4 Ways to Fix “Your PHP Installation Appears to Be Missing the MySQL Extension Which Is Required by WordPress.”


Sometimes, when loading your WordPress website, the “your PHP installation appears to be missing the MySQL extension which is required by WordPress” error might pop up.

This error is typically caused by a nonexistent MySQL extension, outdated WordPress software, or an old PHP version.

Luckily, the missing MySQL extension error is easy to solve. In this article, we’ll explore its causes and walk you through the four methods to fix the error.

Error code Your PHP Installation Appears to Be Missing the MySQL Extension Which Is Required by WordPress
Error type Server-side error
Error causes Missing MySQL extension Outdated WordPress version Using PHP 5.6 or lower

What Causes the “Your PHP Installation Appears to Be Missing the MySQL Extension Which Is Required by WordPress.” Error

This error occurs when your server’s PHP can’t connect your WordPress site to the MySQL database. As a result, you get an error message instead.

There are several possible causes of the said problem, namely:

Missing MySQL Extension

Not having the correct WordPress MySQL extension is one of the most common causes of this error.

The MySQL extension was deprecated from PHP 7.0 and above in favor of MySQLi extensions and PDO_MySQL. Therefore, if you’re using a modern PHP version, you may have an outdated MySQL extension.

You can find out your PHP version in your control panel. For Hostinger users, open hPanel, and check your PHP configuration information there.

Outdated WordPress Version

You may also face this error if you’re using an outdated version of WordPress with PHP 7.0 and above. Since the modern PHP version deprecated the MySQL extension, WordPress will not find the extension it’s looking for.

Using PHP 5.6 or Lower

The 5.6 and lower PHP versions may not have deprecated the MySQL extension yet, but rather, your current PHP version may not be configured properly. As a result, WordPress is unable to connect to the necessary extension.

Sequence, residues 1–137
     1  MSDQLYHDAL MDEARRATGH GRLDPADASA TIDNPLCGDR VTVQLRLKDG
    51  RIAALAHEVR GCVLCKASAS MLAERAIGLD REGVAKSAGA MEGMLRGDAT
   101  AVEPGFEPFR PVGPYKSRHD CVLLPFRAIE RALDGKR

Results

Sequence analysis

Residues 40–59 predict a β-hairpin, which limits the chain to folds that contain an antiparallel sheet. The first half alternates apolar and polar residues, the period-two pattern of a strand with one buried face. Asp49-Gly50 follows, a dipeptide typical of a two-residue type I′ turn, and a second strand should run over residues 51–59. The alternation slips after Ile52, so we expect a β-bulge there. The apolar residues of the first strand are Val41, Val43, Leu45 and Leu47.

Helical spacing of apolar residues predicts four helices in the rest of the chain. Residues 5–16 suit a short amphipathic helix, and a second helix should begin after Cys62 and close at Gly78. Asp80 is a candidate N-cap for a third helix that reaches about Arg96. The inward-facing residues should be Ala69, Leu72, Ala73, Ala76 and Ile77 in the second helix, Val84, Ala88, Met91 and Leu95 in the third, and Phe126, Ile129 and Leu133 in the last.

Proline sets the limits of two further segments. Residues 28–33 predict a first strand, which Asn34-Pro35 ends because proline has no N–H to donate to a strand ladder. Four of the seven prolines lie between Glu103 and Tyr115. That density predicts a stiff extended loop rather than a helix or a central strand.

How to Fix “Your PHP Installation Appears to Be Missing the MySQL Extension Which Is Required by WordPress.”

After figuring out the cause of this issue, the next step is to fix it.

In this section, we’ll explore the four ways to repair the problem.

1. Check If the MySQL Extension Is Enabled

If you’re using PHP 5.6 or lower, you need to check whether the MySQL extension has been installed. Do this by uploading a phpinfo.php file into your browser.

To do so, follow the steps below:

  1. Sign in to your hosting account via File Transfer Protocol (FTP) like FileZilla or access Hostinger’s File Manager from hPanel.
File Manager menu on hPanel
  1. Open the public_html folder to access the root directory of your WordPress site.
The public_html folder on Hostinger File Manager
  1. Create a new file and name it phpinfo.php.
New file button on Hostinger File Manager
  1. Edit the file by adding the following code snippet:




Edit the file and input the code
  1. To load this file into a browser, add /phpinfo.php after your website’s URL. For instance, example.com/phpinfo.php. Once it loads, the page will show you a list of your website’s PHP settings.
The phpinfo.php page when displayed on a broswer

For this issue, look for the row named the Client API version.

Client API version information on the phpinfo.php fie

If you can’t find it, that means the extension is not installed.

To fix that, contact your hosting provider and ask them to install the extension for you. Hostinger users can easily manage their PHP extensions via hPanel.

Alternatively, update your PHP version so that the extension is unnecessary.

2. Make Sure the PHP Extension Is Properly Configured

Once you’re sure that the PHP extension is installed, the next step is to check whether it’s properly configured.